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By Phyllis C. Richman
Washington Post Restaurant Critic
From The Washington Post Dining Guide, November 1996

| 2434 18th St. NW
(202) 462-4100

Hours of Operation and Prices
Open: Sun-Th noon-midnight, F-Sat noon-1 am
Lunch Entrees: $5-$10.50
Dinner Entrees: $7-$12

Other Information
• Credit Cards: All major
• Reservations: Recommended
• Dress: Casual
• Parking: Street
• Entertainment: Ethiopian band F-Sat 11-3 am (no kitchen after 1)
• Handicapped accessible

Washington has no Scandinavian restaurants, and almost no Eastern European restaurants, yet it has more Ethiopian restaurants than any other city in the nation. Ethiopian food clearly is enormously popular here. It's spicy, it's cheap and you eat it with your hands. But there's even more to appreciate, as one can tell at our prettiest and most ambitious Ethiopian restaurant, Meskerem.

On two of its three floors it serves on basket-tables. A table-size tray of injera - tangy, fermented pancakes that look like thick napkins - is set atop the basket, and various stewed meats, seafood and vegetables are spooned onto the layer of pancakes. You can order chicken, beef, lamb, shrimp or vegetable stews, hot or mild, but don't shy away from the hot. They're not fiercely hot, and they feature the distinctive flavor of berbere, a haunting red pepper paste. There are also sauteed, diced meats with onions (tibbs) and spicy, buttery, raw meat (kitfo). A plate of folded injera is served alongside, and you eat communally, tearing off pieces of injera to use as scoops for the stews. It's kind of a soft variation on chips and dip, and equally hard to stop eating. Dollops of lentils, cabbage, collards and green-bean stews provide variety.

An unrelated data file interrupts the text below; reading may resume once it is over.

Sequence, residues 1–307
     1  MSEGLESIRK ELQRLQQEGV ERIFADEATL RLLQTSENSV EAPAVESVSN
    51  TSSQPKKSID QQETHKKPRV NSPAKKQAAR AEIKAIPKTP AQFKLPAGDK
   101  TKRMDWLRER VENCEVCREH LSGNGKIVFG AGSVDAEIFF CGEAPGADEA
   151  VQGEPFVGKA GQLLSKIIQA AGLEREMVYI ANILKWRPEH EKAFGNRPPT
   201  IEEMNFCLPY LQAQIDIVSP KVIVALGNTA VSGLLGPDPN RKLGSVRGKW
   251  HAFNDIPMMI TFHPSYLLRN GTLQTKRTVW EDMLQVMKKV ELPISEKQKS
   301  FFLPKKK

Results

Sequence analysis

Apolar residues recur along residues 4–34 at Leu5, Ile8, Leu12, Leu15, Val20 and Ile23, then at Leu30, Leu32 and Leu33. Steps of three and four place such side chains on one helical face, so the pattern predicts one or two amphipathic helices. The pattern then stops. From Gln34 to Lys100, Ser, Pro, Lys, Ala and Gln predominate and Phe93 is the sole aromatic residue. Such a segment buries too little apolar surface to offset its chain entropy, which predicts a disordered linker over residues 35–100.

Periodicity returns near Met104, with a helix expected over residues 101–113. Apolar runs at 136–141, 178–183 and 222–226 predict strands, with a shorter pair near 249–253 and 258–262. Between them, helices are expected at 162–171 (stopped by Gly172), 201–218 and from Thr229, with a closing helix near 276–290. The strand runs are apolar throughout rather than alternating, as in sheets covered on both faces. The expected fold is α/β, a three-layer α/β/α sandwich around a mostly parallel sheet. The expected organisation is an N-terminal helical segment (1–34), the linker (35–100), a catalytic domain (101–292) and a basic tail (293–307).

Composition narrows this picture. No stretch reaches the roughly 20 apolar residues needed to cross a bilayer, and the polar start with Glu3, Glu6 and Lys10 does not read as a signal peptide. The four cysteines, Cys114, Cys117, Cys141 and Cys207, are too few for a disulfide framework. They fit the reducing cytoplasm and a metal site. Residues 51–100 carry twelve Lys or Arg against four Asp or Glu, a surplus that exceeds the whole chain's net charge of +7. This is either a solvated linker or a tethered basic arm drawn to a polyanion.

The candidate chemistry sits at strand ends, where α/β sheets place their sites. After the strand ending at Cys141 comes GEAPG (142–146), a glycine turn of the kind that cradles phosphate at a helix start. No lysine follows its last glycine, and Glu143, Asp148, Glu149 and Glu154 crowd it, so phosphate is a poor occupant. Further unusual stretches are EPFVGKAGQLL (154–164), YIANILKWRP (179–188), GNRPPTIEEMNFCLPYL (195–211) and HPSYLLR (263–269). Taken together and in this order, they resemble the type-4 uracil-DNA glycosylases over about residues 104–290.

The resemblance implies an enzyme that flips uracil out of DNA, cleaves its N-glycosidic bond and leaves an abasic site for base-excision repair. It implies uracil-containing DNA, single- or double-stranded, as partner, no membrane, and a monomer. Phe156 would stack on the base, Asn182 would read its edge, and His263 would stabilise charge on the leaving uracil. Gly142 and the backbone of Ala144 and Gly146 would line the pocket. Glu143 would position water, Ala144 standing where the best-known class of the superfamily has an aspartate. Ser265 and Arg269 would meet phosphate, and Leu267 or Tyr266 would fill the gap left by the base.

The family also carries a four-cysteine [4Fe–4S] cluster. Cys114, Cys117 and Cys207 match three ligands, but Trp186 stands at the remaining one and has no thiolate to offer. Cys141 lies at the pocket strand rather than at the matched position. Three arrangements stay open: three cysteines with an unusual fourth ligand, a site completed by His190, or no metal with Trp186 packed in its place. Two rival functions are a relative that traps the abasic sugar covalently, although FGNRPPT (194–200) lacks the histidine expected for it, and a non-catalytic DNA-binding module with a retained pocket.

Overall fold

Meskerem, unlike most Ethiopian restaurants here, offers a list of appetizers, including an exceptional shrimp cocktail with a tart, red-pepper dipping sauce, delicate samosas and refreshing salads of beets or potatoes. Its list of entrees is more extensive than any other's. And its cooking is lively and not greasy. Like its competitors, it serves locally made honey wine and a flavorful Ethiopian beer, brewed in Northern Virginia by Old Dominion.

© Copyright 1998 The Washington Post Company

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